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Northwest African American Museum

The Northwest African American Museum (NAAM) just reopened its doors in January, 2023 after 3 years of closure for renovation.  Find out about the variety of programs the museum offers, and some of the current exhibits,  with the museum’s President and CEO, LaNesha DeBardelaben.
Producer: Yuko Kodama -Special thanks to Jalisa Bass for help with editing.
Photo: Anthony Bolante

Ron Chew: My Unforgotten Seattle

Ron Chew is a local Journalist, Author and the Executive Director for International Community Health Services.  He reflects on decades of recording the stories of the people in Seattle’s Chinatown International District in his new book, My Unforgotten Seattle(more…)

Thom Hartmann: The Hidden History of Guns and The Second Amendment

Progressive Talk show host, Thom Hartmann spoke at Town Hall Seattle about the Hidden History of Guns and the Second Amendment on June 23rd.  Here is the full recording from the event.


The 1876 Electoral College Controversy

The electoral college is under scrutiny this election year, as they have the final say of who will be President of the United States. The state electors cast their votes on December 19th. Washington state elector, Esther Little Dove John shares another moment in US history when the controversy around an election brought about devastating impacts for the African American community.

The Everett Massacre

November 5th 2016 marks the 100th anniversary of the Everett Massacre, known as the bloodiest event in Washington labor history. As many as a dozen from a local historical labor organization, Industrial Workers of the World (the I.W.W.) may have lost their lives, as they faced off with squads hired by businesses and commercial interests supporting the five month long strike of our local shingle workers at the time.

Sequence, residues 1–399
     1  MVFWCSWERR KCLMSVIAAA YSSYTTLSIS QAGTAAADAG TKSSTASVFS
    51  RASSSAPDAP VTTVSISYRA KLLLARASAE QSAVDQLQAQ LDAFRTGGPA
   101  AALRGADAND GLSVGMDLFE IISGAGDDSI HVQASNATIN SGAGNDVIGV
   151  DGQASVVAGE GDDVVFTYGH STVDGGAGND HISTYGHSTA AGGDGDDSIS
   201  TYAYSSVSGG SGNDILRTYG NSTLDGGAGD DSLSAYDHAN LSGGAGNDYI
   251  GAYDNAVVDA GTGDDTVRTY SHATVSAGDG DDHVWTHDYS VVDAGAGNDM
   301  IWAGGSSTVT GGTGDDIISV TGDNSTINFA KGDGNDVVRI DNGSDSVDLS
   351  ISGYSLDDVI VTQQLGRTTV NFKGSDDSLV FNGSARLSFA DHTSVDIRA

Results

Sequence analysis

The members of local non-profit organization, Pacific Northwest Labor History Association, will commemorate the massacre this month. KBCS Reporter David Griffith talked with spokesman Ron Mcgehee.

The Pacific Northwest Labor History Association is hosting an Everett Massacre Commemorative Boat Tour on November 12, 2016.


Unearthing Historical Battlefields in Southern Oregon

Perhaps on a trip back East or to the American South, you’ve visited a Civil War battlefield or two. These national parks and pilgrimage sites receive hundreds of thousands of visitors annually.

During the decade before the U.S. Civil War, a different conflict made a big impact on the Oregon Territory’s future. It’s known as the Rogue River Indian War. But you’ll be hard pressed to find or tour those battlefields.

Now, a series of archaeological investigations is resurrecting this Northwest history. Correspondent Tom Banse went to southern Oregon to find out more.

Left: Southern Oregon University archaeology field school participants unearthed the remains of Miner’s Fort in Curry County. The pioneer militia redoubt was besieged near the end of the Rogue River Indian War in 1856.